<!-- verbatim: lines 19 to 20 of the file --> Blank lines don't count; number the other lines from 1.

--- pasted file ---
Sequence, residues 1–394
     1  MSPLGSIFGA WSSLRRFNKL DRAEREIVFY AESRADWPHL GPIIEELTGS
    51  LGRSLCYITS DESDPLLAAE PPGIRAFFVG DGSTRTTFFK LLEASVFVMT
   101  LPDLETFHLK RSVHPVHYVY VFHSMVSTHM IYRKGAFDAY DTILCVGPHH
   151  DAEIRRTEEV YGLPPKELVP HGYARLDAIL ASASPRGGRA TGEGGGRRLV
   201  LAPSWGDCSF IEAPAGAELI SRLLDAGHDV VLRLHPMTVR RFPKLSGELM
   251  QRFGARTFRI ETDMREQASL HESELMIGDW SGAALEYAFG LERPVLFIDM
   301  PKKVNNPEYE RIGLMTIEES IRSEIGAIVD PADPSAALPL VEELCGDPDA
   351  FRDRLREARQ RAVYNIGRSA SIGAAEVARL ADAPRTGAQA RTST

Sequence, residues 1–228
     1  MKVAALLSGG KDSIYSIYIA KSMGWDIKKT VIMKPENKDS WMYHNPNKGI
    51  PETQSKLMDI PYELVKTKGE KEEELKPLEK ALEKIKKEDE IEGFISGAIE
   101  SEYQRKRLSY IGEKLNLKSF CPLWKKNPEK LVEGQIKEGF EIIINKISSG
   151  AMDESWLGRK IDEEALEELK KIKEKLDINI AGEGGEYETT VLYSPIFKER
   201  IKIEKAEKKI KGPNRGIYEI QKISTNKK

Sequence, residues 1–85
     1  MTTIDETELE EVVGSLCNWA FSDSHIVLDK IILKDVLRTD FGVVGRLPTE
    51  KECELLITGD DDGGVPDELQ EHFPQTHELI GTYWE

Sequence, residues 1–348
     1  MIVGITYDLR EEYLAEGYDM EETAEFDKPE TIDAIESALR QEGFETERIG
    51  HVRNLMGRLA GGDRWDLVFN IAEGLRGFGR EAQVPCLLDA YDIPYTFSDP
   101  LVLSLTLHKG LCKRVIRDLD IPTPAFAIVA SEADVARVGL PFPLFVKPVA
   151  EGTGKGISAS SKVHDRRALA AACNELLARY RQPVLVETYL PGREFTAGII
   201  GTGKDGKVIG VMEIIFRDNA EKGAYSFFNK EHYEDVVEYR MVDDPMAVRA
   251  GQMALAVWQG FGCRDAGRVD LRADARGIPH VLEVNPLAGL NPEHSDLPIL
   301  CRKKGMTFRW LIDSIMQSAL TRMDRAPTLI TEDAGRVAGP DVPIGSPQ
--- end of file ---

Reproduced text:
Sequence, residues 1–348
     1  MIVGITYDLR EEYLAEGYDM EETAEFDKPE TIDAIESALR QEGFETERIG